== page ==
It’s the age old rivalry that plagues the Indie game development industry (or more specifically the game development forums). In fact though, I actually think it’s mainly a one way thing: idealists attacking cloners – the idealists feel they have to bitch about clones but the cloners don’t seem to have much to bitch about (apart from why their clone isn’t selling as well as another clone).
Anyway, I was talking to my partner, Helen, tonight about the two opposing camps of indie developers. There’s the cloners who seem to be in it for the money and the idealists who are doing it for art of whatever. She pointed out that if you make a clone, and you enjoy making it and people enjoy playing it, then what’s the problem? You’ve delivered value and made money from it, fine. If people sit around criticising cloners and say they’d never lower themselves to such a thing and then never actually produce anything, then it’s just all about their ego – they aren’t delivering any value anywhere. If you manage to combine “high ideals” AND you make a game, then even better, good for you – but don’t expect it to sell unless you are delivering what a large number of people like (to spend money on) and not just what you like. Of course you can always release it for free so your work is out there – but these days it takes a really large effort to finish a decent game so you’d have to be ultra dedicated to do it just for fun; and whereas a lot of us might like to think we are dedicated enough to do that, the obvious reality is that we are not. Shame, but there you go.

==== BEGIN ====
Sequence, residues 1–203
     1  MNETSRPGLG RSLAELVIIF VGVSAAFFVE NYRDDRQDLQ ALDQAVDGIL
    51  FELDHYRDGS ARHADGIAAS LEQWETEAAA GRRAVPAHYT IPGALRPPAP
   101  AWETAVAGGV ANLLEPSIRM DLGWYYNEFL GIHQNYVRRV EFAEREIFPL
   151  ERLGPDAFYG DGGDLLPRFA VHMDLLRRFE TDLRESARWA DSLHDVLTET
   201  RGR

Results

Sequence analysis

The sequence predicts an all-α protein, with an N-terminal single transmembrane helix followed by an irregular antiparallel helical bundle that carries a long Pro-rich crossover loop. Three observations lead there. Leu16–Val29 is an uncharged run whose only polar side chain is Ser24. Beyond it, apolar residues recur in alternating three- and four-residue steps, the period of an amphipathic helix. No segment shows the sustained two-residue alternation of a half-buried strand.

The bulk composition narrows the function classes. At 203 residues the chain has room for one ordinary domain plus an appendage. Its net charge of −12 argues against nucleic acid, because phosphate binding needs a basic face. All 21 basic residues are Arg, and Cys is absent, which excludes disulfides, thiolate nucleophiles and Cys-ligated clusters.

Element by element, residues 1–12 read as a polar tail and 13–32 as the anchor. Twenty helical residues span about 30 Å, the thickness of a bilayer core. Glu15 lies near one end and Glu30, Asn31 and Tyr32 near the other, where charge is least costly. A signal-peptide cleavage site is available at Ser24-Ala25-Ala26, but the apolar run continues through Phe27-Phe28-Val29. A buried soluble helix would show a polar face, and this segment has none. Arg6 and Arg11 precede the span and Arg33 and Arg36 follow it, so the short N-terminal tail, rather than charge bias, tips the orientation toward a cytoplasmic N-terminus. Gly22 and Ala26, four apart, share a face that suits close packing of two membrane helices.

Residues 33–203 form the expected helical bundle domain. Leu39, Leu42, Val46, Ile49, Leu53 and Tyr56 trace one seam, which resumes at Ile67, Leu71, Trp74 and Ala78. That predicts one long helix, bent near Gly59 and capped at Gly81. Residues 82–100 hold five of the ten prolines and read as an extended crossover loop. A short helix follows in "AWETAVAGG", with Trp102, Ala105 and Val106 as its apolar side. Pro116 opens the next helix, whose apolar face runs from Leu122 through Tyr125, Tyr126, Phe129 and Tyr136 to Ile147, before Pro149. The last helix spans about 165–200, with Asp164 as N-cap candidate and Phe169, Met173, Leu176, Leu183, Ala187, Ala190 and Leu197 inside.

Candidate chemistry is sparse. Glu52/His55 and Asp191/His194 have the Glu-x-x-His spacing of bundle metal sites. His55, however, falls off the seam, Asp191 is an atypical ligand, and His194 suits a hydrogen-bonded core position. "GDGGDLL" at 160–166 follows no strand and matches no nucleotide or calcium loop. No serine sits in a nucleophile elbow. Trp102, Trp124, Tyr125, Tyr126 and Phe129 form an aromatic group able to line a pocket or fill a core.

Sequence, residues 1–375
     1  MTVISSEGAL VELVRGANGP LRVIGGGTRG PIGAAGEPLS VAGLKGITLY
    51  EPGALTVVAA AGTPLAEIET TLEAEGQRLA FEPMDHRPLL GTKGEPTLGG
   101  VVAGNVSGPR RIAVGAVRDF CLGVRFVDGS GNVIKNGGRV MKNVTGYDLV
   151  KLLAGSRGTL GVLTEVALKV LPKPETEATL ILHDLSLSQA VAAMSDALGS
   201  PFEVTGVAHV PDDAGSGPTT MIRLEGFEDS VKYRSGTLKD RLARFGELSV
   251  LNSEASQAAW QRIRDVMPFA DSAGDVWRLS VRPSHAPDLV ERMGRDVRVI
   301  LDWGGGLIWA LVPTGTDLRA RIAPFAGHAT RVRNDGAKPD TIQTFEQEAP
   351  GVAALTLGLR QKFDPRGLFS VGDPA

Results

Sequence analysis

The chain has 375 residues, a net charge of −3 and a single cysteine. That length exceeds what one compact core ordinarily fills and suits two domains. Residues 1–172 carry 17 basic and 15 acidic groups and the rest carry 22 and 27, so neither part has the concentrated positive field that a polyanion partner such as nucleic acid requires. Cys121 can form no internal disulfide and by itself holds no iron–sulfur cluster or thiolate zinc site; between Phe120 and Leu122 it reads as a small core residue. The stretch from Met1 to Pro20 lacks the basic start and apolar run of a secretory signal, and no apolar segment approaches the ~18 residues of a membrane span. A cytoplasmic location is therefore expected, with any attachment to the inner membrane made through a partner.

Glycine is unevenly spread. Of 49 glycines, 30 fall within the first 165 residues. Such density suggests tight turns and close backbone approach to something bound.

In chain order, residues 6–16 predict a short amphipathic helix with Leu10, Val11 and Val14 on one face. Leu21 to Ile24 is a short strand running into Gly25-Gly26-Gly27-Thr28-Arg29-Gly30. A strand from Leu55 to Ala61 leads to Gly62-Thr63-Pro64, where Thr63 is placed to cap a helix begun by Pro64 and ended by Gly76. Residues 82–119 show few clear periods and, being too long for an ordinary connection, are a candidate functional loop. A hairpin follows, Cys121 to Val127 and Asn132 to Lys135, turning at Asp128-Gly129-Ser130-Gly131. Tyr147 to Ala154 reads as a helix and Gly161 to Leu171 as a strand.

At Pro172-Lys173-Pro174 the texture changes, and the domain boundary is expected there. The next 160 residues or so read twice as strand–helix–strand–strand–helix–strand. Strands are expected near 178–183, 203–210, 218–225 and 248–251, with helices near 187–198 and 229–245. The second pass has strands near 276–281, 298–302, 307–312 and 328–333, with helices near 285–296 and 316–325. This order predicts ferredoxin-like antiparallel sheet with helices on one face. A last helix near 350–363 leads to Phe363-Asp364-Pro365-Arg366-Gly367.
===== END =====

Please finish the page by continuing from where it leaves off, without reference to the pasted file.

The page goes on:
At the end of the day, the portal owners can sit there content in the knowledge that they are doing very well from selling clones no matter what the idealists say. Some idealists say the market will self-implode, but I think this is wishful thinking on their part. Cloning exists in music, movies, books, food, clothes, mainstream games etc. and has done for years. People like familiarity.